Tuesday, 25 March 2008

Hoax Emails - Internet Banking Fraud

In my time of collecting and monitoring SPAM I have noticed that I have not received many Internet Banking Fraud / Hoax emails. It might just be me but it seems a bit odd that the only one that I have received are for Internet Banking sites which I use. So, for example, I use ANZ Internet Banking and just today received my 3rd Internet Banking Hoax Email, this one was for ANZ.

So how do the fraudsters (server registered in Chile (.cl) ) know that I bank ANZ, and why don;t I get NAB, St George or Bank Brunei Email Hoaxes ? The answer is that they KNOW I bank ANZ.

What would be some ways they obtain this list ? I can certainly think of some. And I will add also, ways for the Banks to prevent it, and also for us to be mindful (as users).

Buying the list
At first you would hope it doesn't occur, but when you think about it, it is quite plausible. A high enough price put up entices someone with access to "sell" the list.

Imagine that of 100,000 emails sent out, only 100 people (.001%) provide their details. And if from this, the fraudsters were able to transfer an average of $500, that's a quick easy $50,000.

Of course, some accounts have $50,000 in them to start with, so the bounty is much more of course.

So let's go with $50,000. We can pay $5,000 to the list provider, all they have to provide is Email Addresses of valid customers, nothing more.

$5k is not a lot, but if it were sold for $5k to 3 "fraud" groups, then the insider pockets $15k.

A security breach is 90% of the time an insider job and is the one thing that banks must watch out for.

So who could be an insider ? Well simply put anyone with access to the email list.

This could be:
  • Anyone in IT with sufficient privileges (to the test, development, or production database).
  • Anyone in Marketing who can extract / export a list of email addresses for bulk email
  • Anyone in Customer Servicing with this type of access
  • The Vendor of the Banking System who is given the Database in original form for issue resolution (and of course then, any of the vendors employees)
So the insider is an issue. We know it, but it really is as scarey as that. So many IT systems are left open or "available" for reading but all users. I have certainly worked with my fair share that do.

Moving On, so, if it's not an insider job, how else could it be done ?

The ISP Proxy Server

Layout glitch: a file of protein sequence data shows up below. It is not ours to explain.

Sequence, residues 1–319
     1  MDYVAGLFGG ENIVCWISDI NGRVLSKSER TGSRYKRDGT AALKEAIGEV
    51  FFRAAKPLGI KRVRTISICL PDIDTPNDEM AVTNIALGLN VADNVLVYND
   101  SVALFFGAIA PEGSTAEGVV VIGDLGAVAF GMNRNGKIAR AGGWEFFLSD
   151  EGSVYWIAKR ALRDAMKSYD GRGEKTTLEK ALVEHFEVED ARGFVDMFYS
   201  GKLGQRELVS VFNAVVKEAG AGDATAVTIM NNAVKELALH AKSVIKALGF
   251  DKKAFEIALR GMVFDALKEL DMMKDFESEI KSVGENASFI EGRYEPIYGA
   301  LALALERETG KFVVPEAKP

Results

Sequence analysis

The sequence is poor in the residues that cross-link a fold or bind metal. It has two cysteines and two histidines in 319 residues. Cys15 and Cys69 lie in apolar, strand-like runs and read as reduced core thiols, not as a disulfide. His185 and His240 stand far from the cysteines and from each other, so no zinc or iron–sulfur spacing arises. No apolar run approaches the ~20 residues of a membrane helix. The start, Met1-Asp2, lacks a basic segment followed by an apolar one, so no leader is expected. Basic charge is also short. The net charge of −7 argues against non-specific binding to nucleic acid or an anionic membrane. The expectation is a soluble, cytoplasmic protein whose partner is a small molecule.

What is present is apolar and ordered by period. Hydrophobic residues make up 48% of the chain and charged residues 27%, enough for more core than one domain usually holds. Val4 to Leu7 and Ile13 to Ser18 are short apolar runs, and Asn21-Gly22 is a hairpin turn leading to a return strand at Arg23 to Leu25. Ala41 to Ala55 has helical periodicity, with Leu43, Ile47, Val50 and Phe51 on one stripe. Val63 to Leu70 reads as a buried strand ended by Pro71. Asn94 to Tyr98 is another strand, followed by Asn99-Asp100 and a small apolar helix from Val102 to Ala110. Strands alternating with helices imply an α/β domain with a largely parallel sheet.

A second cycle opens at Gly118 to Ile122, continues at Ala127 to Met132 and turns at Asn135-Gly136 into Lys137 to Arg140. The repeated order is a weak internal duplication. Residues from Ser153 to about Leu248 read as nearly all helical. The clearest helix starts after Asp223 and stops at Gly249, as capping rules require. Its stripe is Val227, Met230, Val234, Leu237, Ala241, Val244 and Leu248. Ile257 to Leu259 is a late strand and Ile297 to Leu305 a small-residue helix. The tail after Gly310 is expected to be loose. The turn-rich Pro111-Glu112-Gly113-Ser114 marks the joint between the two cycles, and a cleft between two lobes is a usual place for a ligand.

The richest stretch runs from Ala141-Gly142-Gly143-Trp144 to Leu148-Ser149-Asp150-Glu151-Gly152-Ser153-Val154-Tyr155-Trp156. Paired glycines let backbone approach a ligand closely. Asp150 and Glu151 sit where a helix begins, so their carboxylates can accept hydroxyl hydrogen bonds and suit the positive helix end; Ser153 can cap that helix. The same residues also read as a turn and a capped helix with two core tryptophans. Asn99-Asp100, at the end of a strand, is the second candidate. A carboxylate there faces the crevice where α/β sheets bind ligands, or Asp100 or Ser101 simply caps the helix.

All requests that I make from my ISP (ie: at home) are logged, not only my ISP at home, but at work also.

Might seem odd, but this data is worth money.

At the ISP, they just have to marry my email address and a list of known "banking" logon sites that I access, then they have a decent list. Of course it is not ALL users, but a big ISP (Telstra Bigpond in Australia) would be a nice size and, sadly, the bigger the ISP, the more un-suspecting the user will be and more likely to click on that link.

At a stretch
Virus / URL Logger / Spy
So this one is kind of logical, but probably not done. If there is software on my PC which is "logging" my surfing, they could use that. But if it's on my PC, then well, might as well log the logon to the internet banking site also.

So How do We Prevent it ?
I'll talk about us and the Bank.
For us

(a) Change banks to one which provides
(i) SMS Bank Pay Anyone Verification (With the CommonWealth Bank - not ANZ) for any new Pay Anyone Account not in my list, I need to verify it with an SMS code which is sent to my Mobile phone. That way, I must have my phone with my to pay anyone.

(ii) Secure ID Number Generators for login
HSBC in Australia and HSBC Commercial in the UK use these. A new number is generated every 60 seconds, and I need to supply my ID, password and this number to login.

Fraudsters won't target banks which use either of these (a,i or a,ii) , they either can't get in, or can't do anything once they are in.

(b) NEVER, EVER click on a link in an email for Internet Bank, for changing password, or for reactivating an account, or any activity. Go through your banks website directly, or ring them.

Change banks to someone that DOES provide good access.

For the banks

Where do you start ?

First - Secure internal Access

Perform a full audit of all access methods to the "customer data" at length. This will show holes on how data can come and go, and don't think that just stopping USB access will prevent a user from getting large lists of data out. Where there is a will, there is a way. a quick UUENCODE and a Cut'n'Paste to a pastebin.ca will dump data out in next to no time. If that doesn't seem plausible, what about some steganography ?

Second - Audit Access

Goes without saying, but you would be suprised. Audit all access to the data, so that if data does get out, you know when and by whom (hopefully).

Third - Provide Decent Security Features

It is almost ignorant for banks to NOT have a decent security feature such as SMS verification of Number Generator Fobs for use. They can tell us all they like what NOT to do, but really there are technologies out there which now prevent this type of attack from working, so just get to it an implement it.

There is MUCH more to be said on this topic, but that will get you thinking for now.

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